Presentation on theme: "5/4/2015 1 The Federal Court System: An Introductory Guide."— Presentation transcript:
5/4/ The Federal Court System: An Introductory Guide
5/4/ The Courts’ Role in the Federal System The United States Constitution establishes three separate, co-equal branches of government, each with its own special, enumerated powers: –The Legislative Branch (Congress) creates new laws and amends existing laws; –The Executive Branch (the President) enforces the laws passed by Congress; and –The Judicial Branch (the Federal Courts) interprets the laws passed by Congress and limits excessive exercise of the Executive Branch’s enforcement authority.
5/4/ What are the Federal Courts? The Federal Court System is the dispute resolution arm of the federal government. Federal Courts are courts of limited jurisdiction, meaning that they can only decide the types of cases that are enumerated in Article III of the Constitution.
5/4/ Subject Matter Jurisdiction of Federal Courts Federal Courts are limited to those types of cases over which they have subject matter jurisdiction: –Cases arising under the Constitution or Federal law (Federal Question Cases); –Cases in which the Federal Government is a party; –Cases between two or more states, or between citizens of different states (Diversity Cases); –Maritime cases; and –Cases involving foreign countries.
5/4/ Organization of the Federal Courts Although the Constitution explicitly provided only for the U.S. Supreme Court, it granted Congress the power to create subordinate federal courts. As the country grew, and the business of courts increased, Congress created two levels of courts beneath the Supreme Court – the U.S. Circuit Courts of Appeal, and the Federal District Courts.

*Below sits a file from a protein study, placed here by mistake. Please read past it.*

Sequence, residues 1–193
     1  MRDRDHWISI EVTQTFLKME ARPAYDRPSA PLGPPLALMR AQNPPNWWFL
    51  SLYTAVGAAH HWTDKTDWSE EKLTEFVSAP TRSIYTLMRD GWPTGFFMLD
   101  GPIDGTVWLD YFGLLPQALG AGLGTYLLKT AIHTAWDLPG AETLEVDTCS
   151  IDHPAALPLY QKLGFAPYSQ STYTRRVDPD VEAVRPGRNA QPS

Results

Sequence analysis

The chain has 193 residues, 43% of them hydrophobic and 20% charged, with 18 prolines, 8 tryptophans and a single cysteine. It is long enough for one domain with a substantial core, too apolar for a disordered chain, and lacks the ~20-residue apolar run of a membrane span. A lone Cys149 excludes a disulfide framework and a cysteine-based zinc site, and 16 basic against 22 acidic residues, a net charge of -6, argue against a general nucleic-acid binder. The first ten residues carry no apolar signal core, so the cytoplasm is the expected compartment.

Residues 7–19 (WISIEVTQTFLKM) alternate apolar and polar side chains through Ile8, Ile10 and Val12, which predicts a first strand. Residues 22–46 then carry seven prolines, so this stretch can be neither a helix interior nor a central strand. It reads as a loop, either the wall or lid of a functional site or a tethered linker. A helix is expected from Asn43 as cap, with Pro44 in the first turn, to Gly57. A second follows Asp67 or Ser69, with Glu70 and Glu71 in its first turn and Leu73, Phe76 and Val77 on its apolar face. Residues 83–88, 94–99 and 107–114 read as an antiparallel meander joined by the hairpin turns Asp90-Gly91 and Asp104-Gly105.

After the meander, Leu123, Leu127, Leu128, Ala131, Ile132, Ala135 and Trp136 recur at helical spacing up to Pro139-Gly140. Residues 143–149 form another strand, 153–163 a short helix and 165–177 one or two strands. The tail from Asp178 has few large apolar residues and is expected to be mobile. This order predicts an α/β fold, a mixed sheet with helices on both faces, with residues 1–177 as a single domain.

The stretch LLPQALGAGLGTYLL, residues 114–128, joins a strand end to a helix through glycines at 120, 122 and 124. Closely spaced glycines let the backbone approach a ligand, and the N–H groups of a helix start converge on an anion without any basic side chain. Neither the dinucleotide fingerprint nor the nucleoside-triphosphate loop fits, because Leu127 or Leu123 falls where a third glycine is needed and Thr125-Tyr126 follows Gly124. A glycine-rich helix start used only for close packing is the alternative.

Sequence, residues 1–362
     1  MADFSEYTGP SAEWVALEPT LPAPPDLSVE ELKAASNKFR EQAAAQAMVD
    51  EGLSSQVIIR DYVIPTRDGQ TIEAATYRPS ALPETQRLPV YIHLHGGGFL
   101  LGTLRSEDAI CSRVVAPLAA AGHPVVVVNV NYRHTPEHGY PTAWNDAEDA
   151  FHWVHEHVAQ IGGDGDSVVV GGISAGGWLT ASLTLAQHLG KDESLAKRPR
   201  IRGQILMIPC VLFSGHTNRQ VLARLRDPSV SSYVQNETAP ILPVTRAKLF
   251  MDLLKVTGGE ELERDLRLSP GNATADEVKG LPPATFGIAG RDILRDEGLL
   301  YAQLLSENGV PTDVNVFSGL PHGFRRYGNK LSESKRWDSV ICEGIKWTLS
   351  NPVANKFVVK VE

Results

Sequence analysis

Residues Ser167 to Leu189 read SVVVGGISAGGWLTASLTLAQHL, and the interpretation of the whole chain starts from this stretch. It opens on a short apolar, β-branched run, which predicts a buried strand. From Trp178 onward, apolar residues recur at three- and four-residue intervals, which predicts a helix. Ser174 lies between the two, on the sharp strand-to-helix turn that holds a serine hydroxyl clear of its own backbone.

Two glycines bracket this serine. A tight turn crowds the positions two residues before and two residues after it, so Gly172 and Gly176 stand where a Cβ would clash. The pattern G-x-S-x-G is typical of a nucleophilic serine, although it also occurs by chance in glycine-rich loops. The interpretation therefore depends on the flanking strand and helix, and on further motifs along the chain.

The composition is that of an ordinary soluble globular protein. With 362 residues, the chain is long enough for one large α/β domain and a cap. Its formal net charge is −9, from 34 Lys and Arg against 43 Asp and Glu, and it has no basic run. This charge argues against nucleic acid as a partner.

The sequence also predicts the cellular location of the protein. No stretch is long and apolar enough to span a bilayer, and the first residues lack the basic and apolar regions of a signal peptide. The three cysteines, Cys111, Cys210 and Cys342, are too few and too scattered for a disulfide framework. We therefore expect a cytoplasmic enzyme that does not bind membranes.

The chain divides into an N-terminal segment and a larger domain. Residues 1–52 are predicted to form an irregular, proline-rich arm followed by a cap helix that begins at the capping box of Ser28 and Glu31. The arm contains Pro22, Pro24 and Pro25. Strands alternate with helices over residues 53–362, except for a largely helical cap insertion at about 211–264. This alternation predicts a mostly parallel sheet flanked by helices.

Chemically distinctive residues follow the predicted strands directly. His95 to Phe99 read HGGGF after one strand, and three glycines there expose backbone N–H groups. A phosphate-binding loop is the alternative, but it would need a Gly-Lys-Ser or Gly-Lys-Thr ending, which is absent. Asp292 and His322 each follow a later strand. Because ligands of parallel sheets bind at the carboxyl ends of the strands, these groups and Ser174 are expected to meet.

5/4/ Organization: The District Courts The District Courts are the building blocks of the Federal Court System. District Courts are trial courts – they hear cases in the first instance. To hear a case, a District Court must have personal jurisdiction in addition to subject matter jurisdiction. Personal jurisdiction generally means that the parties to the case must either reside within the borders of the District Court, or have ties to the District sufficient to allow the Court to assert jurisdiction.
5/4/ Organization: The District Courts Pennsylvania has three District Courts: –The Eastern District (encompassing Philadelphia and the surrounding area); –The Middle District (encompassing northeastern and central Pennsylvania, including Scranton, Williamsport and Harrisburg); and –The Western District (encompassing the Western third of the state, including Pittsburgh, Johnstown and Erie).
5/4/ Map of Pennsylvania’s three federal districts
5/4/ Organization: The District Courts Practice before a Federal District Court is regulated by various sets of rules that vary depending on the type of case: Civil Cases: –Federal Rules of Civil Procedure –Local Rules of Court Criminal Cases: –Federal Rules of Criminal Procedure –Federal Sentencing Guidelines –Local Rules of Court
5/4/ Organization: The District Courts When a District Court hears a case, a decision is rendered either by a judge (in a bench trial) or by a jury (in a jury trial). The parties to the case then have the right to appeal the District Court decision to the Circuit Court of Appeals within which the District Court is located.